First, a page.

Churchin’ up Missions

Posted: October 27, 2015 in Blog, Pastor's Corner
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When considering missions and missionary endeavors, I have an initial bit of advice—Don’t church it up! You know what I mean. Don’t cover it up with churchy high-gloss-holy-speak-varnish. Don’t give it a business hair cut, slap a suit & tie on it, adding the protective pastoral shellac they handout at seminaries. Placing missions in a safe, neat, and sanitized category is a major fail. If anyone has watched Joe Dirt, or been around church very long, you know what I mean. Don’t church up missions.


When thinking about missions, missionaries, missional living, and any other adverbial/adjectival descriptors, we need to think biblically; thereby effectively removing much of what churchianity has placed upon the missions enterprise. It is also important to think about it realistically. Keeping from unduly romanticizing, simplifying, or institutionalizing this hefty endeavor.

Missions, missional living, and the missionary’s call are what the bride of Jesus Christ has always been about, and will be until He returns in glory. This work is messy. It is hard. But it is glorious, even in dying. The missionary endeavor can be described in Matthew 28:18-20. This passage is often called the Great Commission (GC hereafter), which has a simple yet multifaceted depth of action.

Missions, through an overly simplistic reading of the GC, has been boiled down to simplistic gospel proclaiming. This oversimplification makes the mission of the church merely evangelism. Or better yet, enter the room, turn on the light, and exit with a sense of accomplishment. As missions professor David Sills puts it, “The task of the Great Commission cannot be compared to running through a large darkened building, flipping on a few switches and announcing that they now have light… We have unintentionally created the erroneous perception that missions equals reaching the unreached. If one’s efforts consist of flipping on light switches and then hurrying to the next darkened room, that is not the Great Commission; it’s only half of what we have been commanded to do…”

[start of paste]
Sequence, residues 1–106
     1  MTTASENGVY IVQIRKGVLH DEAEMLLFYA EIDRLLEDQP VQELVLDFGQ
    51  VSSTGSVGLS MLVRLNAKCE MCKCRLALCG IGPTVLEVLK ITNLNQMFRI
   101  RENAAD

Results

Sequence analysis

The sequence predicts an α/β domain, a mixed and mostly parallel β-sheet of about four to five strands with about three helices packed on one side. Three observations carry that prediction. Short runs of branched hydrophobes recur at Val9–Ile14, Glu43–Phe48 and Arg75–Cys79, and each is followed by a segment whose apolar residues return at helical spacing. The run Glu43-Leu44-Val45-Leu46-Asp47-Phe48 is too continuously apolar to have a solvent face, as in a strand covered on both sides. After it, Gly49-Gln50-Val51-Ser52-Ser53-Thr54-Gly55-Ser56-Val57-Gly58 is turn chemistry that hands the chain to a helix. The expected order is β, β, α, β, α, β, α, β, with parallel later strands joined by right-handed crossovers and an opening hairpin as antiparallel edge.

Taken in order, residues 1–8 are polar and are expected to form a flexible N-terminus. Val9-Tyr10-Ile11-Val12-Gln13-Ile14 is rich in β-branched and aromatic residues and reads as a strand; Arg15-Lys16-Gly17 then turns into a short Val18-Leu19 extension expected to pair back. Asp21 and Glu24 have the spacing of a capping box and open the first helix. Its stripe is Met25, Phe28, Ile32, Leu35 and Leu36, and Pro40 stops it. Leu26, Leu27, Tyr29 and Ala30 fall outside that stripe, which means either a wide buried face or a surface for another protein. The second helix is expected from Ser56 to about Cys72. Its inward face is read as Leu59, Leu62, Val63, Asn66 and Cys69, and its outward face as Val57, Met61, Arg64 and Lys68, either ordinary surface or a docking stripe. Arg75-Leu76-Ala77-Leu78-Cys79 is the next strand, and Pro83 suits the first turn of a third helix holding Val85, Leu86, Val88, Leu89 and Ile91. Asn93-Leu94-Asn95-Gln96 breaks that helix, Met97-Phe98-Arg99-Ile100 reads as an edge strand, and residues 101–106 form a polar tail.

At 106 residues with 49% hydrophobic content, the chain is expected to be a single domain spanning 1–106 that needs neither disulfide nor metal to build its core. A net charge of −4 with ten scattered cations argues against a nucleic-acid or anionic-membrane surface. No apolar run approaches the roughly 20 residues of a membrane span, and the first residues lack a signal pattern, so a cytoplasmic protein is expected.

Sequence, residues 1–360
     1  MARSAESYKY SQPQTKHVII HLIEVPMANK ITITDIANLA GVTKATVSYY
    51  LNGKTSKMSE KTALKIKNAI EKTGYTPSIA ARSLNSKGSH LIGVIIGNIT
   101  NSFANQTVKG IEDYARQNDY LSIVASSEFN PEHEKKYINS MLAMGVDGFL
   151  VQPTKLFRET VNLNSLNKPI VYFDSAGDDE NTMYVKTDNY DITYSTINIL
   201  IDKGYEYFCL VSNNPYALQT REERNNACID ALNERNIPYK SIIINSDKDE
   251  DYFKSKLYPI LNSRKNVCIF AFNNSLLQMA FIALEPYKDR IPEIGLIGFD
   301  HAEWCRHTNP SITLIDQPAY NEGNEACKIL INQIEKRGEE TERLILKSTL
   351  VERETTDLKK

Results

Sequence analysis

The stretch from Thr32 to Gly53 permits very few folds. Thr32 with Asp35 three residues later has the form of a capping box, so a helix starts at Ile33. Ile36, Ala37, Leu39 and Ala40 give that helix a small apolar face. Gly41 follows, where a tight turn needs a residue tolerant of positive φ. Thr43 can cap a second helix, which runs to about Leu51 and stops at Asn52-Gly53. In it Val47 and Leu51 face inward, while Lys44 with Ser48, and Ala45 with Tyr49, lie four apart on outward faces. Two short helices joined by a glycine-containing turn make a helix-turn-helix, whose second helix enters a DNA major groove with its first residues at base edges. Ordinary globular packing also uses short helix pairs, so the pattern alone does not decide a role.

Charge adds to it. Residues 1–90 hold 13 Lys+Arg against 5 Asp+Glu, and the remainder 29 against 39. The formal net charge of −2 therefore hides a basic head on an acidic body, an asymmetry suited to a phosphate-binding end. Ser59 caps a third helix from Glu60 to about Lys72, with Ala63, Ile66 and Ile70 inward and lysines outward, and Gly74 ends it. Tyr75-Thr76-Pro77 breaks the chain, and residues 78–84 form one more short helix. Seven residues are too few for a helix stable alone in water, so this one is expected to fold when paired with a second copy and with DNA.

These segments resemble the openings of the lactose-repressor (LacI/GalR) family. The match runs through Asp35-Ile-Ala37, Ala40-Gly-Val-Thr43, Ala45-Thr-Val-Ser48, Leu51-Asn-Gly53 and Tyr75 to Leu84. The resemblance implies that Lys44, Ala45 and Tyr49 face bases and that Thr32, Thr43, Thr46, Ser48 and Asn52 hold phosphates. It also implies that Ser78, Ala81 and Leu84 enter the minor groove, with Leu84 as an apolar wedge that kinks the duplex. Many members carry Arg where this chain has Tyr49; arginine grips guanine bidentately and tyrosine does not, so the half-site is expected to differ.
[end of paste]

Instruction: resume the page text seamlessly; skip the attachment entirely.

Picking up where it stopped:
Conversely, an effort to correct the afore mentioned error has led to defining missions according to a social-gospel of Christian-ey activity—e.g., handing out water at the park, filling parking meters for strangers, randomly paying grocery bills, or raking lawns in your neighborhood. All in the name of Jesus while his name is never uttered and no gospel is ever proclaimed. Through services like this, people feel justified in their deeds, as well as missional in their lives.

While this might seem harsh, this critique is not a call to eliminate the labors of love. A knee-jerk reaction against a particular error often creates another error. Just take a look a church history and one will find that reactions like this aren’t uncommon, and mostly detrimental for the church. Christians need to realize that missions is greater than humanitarian aid, and greater than mere gospel proclamation. We desperately need to be the hands and feet of Jesus, but we are also to be his mouth as well.

Reaching the unreached only through evangelism or philanthropic efforts fails to adequately fulfill missions. Evangelism is the sharing of the gospel, benevolence ministry is caring for the physical needs of our fellow man, while missions is the endeavor of planting the gospel among the people of a particular nation. “The task of missions is not simply to reach the unreached, allowing every missionary to define what that means for himself: it is the reaching the lost and teaching them to obey all that Christ has commanded.” —David Sills

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